In the same way it’s important to know the company’s goal so you can direct and prioritize. Everyone on the team needs to have that information for their particular position. But also, it will be very important for them to understand, at least at a very general level, how the different areas are connected (if they are) and how their operation can affect each other. This way, they will understand that doing their job and fulfilling their objectives (or not doing it) will affect in a positive or negative way not only them, but also other parts of the team.
At this point you will have your team and it will be time to transform it into a highly effective one. Here’s how:
5. Let them know that they are free to create, but that they also have your support if they don't know which direction to take.
If you did the first part correctly, you will have very capable people in every area so now you need to empower them and make them feel supported. Be clear and open about them having the authority to make decisions, but also keep an open door in case they need help or tools to achieve their goals. By this point they should know how their actions affect not only their area but other areas, so that will help them make more conscious decisions.
6. Generate spaces for collaboration between areas.
Some people naturally seek to create conversations about collaboration but, if this doesn’t happen naturally in your team, then facilitate it. You can create a fortnightly meeting to check in with all of the areas and invite them to always suggest an idea for collaboration at the end of it.
By this point, your team should be working effectively but remember that to keep them working that way and make them grow in the process, you have to care about them personally.
7. Get to know their desires for development and help them identify how they can achieve those within the organization.
Knowing the motivations and the desires for growth of your team will help you not only facilitate the improvement of their performance by assigning them interesting tasks, but it will also allow you to identify the reasons behind underperformance (if any) and the best tools to enhance their skills.
8. Allow yourself to be vulnerable with them, and show them that they can be too.
We are all humans and, no matter how passionate, smart, skilled and over-achievers we are, some days we might not have the energy to show up at work. Be open about that possibility and provide options to cover for your team in case they need that time off. If you’re having a hard time, be open about that, it will show them that you’re comfortable with being vulnerable in front of them and that will facilitate them to be the same with you.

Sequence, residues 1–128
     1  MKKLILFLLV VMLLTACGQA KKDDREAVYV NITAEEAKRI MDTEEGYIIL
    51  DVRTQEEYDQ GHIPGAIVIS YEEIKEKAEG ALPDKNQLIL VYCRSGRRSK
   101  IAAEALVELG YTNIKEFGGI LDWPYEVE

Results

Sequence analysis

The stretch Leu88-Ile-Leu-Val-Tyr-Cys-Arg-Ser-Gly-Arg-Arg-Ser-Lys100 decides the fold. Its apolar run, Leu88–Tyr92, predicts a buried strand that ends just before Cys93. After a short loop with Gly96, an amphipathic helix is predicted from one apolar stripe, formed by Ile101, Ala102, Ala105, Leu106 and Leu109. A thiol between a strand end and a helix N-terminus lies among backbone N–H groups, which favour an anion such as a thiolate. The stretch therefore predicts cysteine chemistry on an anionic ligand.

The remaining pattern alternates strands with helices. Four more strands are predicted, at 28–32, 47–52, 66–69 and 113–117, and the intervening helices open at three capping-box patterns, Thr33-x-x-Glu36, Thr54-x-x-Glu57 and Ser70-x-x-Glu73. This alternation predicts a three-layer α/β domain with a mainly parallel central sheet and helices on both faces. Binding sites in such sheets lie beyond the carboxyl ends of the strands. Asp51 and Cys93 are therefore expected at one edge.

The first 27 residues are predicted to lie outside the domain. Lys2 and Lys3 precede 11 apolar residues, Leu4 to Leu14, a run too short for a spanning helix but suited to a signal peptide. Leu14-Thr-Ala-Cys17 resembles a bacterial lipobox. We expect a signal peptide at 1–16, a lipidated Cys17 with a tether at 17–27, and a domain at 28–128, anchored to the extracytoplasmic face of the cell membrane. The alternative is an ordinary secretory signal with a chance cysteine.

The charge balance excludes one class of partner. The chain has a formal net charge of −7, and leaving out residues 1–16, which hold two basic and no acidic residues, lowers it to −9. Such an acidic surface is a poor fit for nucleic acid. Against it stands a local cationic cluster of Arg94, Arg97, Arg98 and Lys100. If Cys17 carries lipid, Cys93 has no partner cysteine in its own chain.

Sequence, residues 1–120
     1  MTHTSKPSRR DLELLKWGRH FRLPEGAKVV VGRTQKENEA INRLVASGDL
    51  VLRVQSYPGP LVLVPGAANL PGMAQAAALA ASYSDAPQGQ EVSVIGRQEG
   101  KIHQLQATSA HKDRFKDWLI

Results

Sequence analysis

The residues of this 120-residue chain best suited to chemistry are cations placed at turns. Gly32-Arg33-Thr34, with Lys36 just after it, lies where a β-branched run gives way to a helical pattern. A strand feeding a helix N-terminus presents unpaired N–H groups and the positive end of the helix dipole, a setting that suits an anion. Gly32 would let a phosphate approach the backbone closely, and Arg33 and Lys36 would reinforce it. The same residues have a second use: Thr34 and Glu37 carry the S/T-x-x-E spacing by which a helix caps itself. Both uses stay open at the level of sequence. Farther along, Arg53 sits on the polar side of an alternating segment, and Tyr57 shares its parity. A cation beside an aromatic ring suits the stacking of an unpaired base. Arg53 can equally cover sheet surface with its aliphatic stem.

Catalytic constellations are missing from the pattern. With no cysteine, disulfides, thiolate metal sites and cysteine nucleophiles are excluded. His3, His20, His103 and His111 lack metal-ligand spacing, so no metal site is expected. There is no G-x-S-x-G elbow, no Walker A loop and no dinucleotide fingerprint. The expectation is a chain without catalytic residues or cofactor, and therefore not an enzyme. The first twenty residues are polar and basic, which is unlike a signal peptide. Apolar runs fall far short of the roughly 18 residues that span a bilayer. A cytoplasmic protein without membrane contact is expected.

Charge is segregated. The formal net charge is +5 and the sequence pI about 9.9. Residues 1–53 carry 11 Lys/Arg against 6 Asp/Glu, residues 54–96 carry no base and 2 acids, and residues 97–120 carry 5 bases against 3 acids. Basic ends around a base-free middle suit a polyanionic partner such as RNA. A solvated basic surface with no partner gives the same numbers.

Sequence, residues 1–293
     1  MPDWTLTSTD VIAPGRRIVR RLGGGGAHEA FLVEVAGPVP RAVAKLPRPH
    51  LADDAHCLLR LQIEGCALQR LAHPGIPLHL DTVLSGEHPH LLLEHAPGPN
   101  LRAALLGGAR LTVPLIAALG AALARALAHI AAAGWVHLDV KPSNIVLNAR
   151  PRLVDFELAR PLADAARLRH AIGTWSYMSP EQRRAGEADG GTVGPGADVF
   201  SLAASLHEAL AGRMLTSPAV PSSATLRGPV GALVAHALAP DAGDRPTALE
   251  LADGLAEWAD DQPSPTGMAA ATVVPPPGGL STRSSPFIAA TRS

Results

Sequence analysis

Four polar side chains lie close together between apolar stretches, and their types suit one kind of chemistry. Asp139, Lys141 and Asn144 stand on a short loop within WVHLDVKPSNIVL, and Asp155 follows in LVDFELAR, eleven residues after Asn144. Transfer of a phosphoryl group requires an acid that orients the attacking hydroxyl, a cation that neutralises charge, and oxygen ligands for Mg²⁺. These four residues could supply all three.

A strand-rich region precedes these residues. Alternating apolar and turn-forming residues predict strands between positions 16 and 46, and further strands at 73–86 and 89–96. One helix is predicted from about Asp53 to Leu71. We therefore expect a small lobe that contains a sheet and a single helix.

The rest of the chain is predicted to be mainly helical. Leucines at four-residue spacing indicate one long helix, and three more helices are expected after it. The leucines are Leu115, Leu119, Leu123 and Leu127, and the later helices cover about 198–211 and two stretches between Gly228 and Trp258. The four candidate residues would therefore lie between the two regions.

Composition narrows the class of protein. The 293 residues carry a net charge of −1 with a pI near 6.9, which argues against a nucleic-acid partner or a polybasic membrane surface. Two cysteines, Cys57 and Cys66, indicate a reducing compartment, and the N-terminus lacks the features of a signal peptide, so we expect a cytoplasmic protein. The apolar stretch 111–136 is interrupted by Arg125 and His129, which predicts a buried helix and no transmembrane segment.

9. Provide them with tools for mental healthcare and stress management.
Do a periodic mental health check-up with your direct reports and encourage them to do the same with theirs. In addition, you can create a space where the team can exchange wellness-related tools. You can provide them with free therapy sessions or even do workshops with mental health professionals that teach them how to deal with stress and time management.
10. Create spaces to relax, play and share beyond work.
Work is important, but just as important is having fun and connecting with other members of your team in a different context. Creating spaces for your team to play and share topics that are not necessarily related to work will allow you to build bridges between them and also to identify and monitor their well-being.
These 10 points are a brief summary of what led me to have highly effective teams; a series of steps that might be more useful for companies that are just selecting the first members of their team and have the opportunity to plan from scratch. However, many of the rules related to maintaining and growing the team can be escalated to teams that already exist or that you want to modify to make them more effective.